It's easy to set up a visitation schedule for a baby or a toddler. Young children, especially, when parents divorce early, can accept the switch in households as just part of the routine.
It's when the kids get a little bit older that things can start to get difficult.
One of the things that all divorced parents should anticipate is changes in parental preference as their children age and go through various stages of maturity. The toddler that willingly went with either parent may suddenly turn into a screaming, crying mess when Dad comes to pick him up for visitation. The teenager that was content anywhere there was a computer and an Xbox may suddenly want to spend weekends only at Dad's house because his new girlfriend lives just down the block.
This can put parents in a difficult position. The parent with primary custody has an obligation to make sure that the other parent is getting an appropriate amount of visitation time -- and what's written down in the court documents may not come close to reflecting what the child wants -- or needs -- at a certain stage of development.
How can you handle changes in what your child seems to need and want when it comes to visitation? There are a few basic rules to follow:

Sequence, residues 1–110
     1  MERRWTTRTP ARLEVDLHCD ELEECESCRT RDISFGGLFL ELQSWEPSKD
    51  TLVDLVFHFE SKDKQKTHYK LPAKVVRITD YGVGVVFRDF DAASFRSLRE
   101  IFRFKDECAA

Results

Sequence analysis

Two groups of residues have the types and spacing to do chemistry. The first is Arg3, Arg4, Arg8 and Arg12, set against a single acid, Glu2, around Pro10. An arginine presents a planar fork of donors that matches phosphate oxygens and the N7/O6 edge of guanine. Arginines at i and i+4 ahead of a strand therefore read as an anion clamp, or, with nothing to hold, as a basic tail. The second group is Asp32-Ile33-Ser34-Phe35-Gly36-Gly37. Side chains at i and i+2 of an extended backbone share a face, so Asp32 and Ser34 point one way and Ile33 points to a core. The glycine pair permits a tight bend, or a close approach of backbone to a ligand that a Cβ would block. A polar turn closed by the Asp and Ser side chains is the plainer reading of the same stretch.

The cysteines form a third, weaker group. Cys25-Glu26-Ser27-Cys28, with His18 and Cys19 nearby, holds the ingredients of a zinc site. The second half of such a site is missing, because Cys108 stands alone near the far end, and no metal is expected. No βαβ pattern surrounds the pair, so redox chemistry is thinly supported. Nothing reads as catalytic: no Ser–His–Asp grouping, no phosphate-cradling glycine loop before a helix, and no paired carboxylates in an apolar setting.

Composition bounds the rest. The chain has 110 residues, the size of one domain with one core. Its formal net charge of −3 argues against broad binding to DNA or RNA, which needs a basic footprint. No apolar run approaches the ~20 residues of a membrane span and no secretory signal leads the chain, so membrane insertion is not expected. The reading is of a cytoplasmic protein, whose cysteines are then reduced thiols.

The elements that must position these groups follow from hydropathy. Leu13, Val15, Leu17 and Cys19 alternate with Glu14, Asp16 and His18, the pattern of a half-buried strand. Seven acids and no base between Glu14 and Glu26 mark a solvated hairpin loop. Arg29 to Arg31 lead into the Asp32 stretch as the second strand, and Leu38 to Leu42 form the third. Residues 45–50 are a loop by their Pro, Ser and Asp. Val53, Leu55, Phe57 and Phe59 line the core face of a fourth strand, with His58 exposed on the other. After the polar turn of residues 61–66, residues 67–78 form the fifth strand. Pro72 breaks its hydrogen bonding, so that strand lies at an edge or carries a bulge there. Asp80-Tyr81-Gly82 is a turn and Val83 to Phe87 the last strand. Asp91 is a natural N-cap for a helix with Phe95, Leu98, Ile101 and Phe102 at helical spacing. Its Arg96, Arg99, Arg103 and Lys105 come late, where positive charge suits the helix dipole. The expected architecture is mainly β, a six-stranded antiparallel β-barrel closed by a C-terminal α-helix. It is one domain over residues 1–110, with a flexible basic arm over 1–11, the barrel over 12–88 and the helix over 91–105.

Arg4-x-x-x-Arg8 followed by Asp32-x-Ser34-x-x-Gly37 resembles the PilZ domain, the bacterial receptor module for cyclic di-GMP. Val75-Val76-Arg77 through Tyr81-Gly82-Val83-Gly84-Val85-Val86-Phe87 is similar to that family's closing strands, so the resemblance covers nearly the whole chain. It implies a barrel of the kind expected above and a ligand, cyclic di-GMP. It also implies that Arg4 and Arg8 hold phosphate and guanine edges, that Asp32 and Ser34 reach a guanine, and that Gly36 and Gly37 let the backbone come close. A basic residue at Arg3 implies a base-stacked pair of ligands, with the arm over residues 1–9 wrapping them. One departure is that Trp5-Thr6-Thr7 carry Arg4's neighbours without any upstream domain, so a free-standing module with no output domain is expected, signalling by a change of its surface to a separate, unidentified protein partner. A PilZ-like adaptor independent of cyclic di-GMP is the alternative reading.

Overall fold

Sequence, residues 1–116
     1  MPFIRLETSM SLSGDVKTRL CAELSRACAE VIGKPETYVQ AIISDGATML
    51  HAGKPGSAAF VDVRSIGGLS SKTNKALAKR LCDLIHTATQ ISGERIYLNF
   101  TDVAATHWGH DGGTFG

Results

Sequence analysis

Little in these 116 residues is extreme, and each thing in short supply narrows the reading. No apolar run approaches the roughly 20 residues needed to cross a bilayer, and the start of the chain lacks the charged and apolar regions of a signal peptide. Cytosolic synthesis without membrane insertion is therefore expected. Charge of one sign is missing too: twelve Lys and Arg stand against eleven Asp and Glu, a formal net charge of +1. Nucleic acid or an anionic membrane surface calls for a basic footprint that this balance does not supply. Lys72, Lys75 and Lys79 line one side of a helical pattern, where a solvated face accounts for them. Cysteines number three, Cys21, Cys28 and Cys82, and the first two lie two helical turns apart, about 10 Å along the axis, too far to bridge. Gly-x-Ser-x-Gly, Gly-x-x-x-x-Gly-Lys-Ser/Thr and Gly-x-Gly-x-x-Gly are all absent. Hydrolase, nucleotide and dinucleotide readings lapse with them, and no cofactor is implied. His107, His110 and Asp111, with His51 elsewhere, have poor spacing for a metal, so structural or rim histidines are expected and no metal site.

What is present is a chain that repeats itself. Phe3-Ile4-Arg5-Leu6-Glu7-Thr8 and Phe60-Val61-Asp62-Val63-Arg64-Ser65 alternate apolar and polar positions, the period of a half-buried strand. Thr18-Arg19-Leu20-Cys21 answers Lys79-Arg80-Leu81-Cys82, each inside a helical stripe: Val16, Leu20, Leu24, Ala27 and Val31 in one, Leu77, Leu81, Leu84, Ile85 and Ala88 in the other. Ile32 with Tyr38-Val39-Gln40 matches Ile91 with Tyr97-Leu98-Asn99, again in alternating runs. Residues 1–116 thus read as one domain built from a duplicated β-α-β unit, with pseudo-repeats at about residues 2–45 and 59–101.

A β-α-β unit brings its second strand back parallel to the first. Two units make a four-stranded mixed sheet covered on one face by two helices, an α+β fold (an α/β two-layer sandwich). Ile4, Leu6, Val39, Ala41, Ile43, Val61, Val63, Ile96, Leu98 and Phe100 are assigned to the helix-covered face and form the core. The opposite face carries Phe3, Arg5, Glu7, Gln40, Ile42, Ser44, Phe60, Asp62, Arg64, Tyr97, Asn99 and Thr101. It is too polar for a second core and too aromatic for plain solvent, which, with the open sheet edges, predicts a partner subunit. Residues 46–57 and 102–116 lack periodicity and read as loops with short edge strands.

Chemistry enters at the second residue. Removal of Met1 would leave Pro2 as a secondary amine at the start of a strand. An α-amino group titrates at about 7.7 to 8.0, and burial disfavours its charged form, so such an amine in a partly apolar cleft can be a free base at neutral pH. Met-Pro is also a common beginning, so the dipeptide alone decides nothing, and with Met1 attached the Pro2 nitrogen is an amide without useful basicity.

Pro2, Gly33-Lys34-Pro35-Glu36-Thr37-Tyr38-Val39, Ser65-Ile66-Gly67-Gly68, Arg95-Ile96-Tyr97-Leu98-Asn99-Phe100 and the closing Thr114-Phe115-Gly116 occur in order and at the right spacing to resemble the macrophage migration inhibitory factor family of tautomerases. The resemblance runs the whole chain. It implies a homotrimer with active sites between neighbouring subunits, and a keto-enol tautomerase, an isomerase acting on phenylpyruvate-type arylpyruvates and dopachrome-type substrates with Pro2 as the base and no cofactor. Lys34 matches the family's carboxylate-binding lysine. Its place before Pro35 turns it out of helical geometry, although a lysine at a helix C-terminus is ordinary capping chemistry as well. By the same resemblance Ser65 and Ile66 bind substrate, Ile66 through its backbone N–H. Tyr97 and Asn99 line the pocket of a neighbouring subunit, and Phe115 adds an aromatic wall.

-- Don't take the preference for living with the other parent as a personal rejection by your child unless there's some indication that your relationship has soured.
-- Try to handle minor requests for visitation changes in a flexible way. If the kids want to stay at Dad's one more night because the carnival is in town and they always go, you can let them without having to modify your custody agreement.
-- During the teen years, changes may be more extreme as your child starts to want to have input over his or her routine. Talk it over with your ex-spouse and your child to see if there is a way to make sure both parents still have adequate visitation. For example, instead of spending weekends at Mom's during the school year, your teen could spend the entire summer there. That may be easier and less disruptive for your teen.
Make sure any big changes in custody are approved by the court. For assistance with custody issues as your children age, consider asking an attorney for help.